There are two types of people in the world who care about the climate, says Peet Denny: Those who have devoted years, decades, or entire lives to the fight to stop climate change, and those who just recently discovered the issue. Denny falls squarely into the second camp.
Denny came to this work rather curiously. He was a consultant working to find the hidden sources of deforestation, and in the course of this work, he wondered if it was possible to simply create a rainforest. The result, surprisingly, is that you can. It might take a few years (or decades), but it would be possible to desalinate seawater, plant trees, and create a forest that will sequester a gigaton of carbon dioxide, with a gigaton being fancy language for one billion metric tons. (The average person in London, for example, creates 10 tons of carbon a year.)
“We are producing more carbon than the Earth can pull back into the land and into the seas,” Denny told me during a recent interview for my podcast, Back Yourself. That annual surplus? About 51 billion tons.
What got Denny on board the effort to fight climate change was that it was actually possible to plant a forest in the desert that would suck up that amount of carbon — 1,000 square kilometers, which is about a football pitch every second.
The easier solution would be to simply stop cutting down the rainforest, though that is a highly complex endeavor. Rainforests are cut down because people need space — to create palm oil, to grow cattle, or to grow soy.
“Fundamentally, everything about our lives needs to change if we want to remove 51 billion tons of emissions from our lives every year, and we need to do that by 2050,” he said. “And we need to halve what we are doing by 2030.”
Peet Denny’s Background: Diverse Education and Plenty of Startups
Denny is no stranger to solving complex problems. He attended SOAS University of London, and then the London School of Economics and Political Science. He attended the University of Oxford and received an altMBA in an intensive workshop. He also spent time at Stanford University and Udacity.
When it comes to work, Denny has a long history of founding successful ventures. He was a co-founder of a small web design company in Paris, and then a freelance trainer in computer science. He worked as a Weblogic support engineer at BEA, BMW, and Zurich Financial Services before spending years as a consultant for the likes of Steria and Oracle. He worked as a solutions architect at WorldPay and Man Investments and then founded Best Boy Electric, which provided technical leadership and consultancy in enterprise agility. He was chief product officer and chief tech officer at Wealth Wizards and then founded move thirty-seven, an AI consulting company. After serving as an advisor to Carbon Custodians and Internal, he founded Brum.ai, a non-profit community of more than 1,000 AI researchers, engineers, and students. He founded Potential Climate Ventures in 2020.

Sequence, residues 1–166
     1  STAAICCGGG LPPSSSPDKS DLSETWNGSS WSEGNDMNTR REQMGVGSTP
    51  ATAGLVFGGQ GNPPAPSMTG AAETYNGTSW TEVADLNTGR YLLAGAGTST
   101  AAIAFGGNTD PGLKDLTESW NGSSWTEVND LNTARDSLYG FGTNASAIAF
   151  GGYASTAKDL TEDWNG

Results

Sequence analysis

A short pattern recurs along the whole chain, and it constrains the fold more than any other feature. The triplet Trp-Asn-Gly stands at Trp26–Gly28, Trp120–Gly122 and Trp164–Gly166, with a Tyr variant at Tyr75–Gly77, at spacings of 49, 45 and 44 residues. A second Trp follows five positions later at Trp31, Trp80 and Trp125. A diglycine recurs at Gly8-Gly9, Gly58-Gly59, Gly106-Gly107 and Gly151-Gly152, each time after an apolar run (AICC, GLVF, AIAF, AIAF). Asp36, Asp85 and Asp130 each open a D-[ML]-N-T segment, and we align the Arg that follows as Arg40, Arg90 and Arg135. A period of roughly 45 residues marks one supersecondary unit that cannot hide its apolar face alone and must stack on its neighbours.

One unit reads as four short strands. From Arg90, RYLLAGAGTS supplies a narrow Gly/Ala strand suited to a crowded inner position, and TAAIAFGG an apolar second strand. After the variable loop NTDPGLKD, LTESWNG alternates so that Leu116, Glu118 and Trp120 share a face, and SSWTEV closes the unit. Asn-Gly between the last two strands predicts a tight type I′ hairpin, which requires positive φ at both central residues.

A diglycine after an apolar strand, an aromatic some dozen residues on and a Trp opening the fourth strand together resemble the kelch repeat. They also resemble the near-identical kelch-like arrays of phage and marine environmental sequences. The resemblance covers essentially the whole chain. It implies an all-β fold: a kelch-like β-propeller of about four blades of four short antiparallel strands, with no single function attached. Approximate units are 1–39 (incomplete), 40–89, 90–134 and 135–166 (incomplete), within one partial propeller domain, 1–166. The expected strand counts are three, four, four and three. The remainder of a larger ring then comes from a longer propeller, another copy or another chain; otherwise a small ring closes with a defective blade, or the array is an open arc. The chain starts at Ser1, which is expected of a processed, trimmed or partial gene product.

Potential Climate Ventures is a rather boring name for an exciting enterprise. Based on the premise that climate change is an existential threat to humanity, the company’s mission is to “find, foster, and fund crazy, unusual, and innovative startups who have a global and gigaton-scale impact on the climate.”
The threshold for personal involvement in stopping climate change, Denny said, is having a 1 gigaton impact. Potential Climate ventures is investing in many small startups who are trying to have a minimum 10 megaton scale impact every year. If 10 companies successfully reach that goal, that would create a 1 gigaton solution.
“That’s our crazy dream,” he said.
Climate Change Is Tied to 3 Fundamental Activities, and Denny Decided to Focus on One of Them
Three main activities are driving climate change: agriculture, manufacturing, and generating electricity. Denny was surprised to learn that agriculture was 19 percent of the problem.
“Growing food is actually bad for the environment,” he said.
Agriculture is no longer a symbiotic relationship with the ecosystem. Now, it has become a harmful process that strips the soil of nutrients and adds poison in the form of pesticides and herbicides. Because of this, he realised that solving ag problems could be a relatively easy way to confront climate change.
Advice for Startups: Make Sure Your Business Has a Market
Denny, of course, has been at the head of more than his fair share of startups. He has some advice to pass along to fellow entrepreneurs looking to make it: Make sure you have a market for what you are offering.
Plenty of startups have great ideas, but not all of them have a market where they can sell that. He said that 40 percent of startups fail because they simply lack a market for what they are doing.
“We are so much more at home with zooming in on the zeroes and ones and working on the hard technical problems,” he said, “but the other thing is going out and talking to real humans about the problems they need to solve.”
His solution: “Put your laptop down, get out of the building, and speak to real people and test and prove to yourself that there is a real need there to be solved.”
Denny is working hard to solve a remarkable problem, and doing so with an innovative mix of technology and outreach. For all of our sakes, let’s hope his business idea works.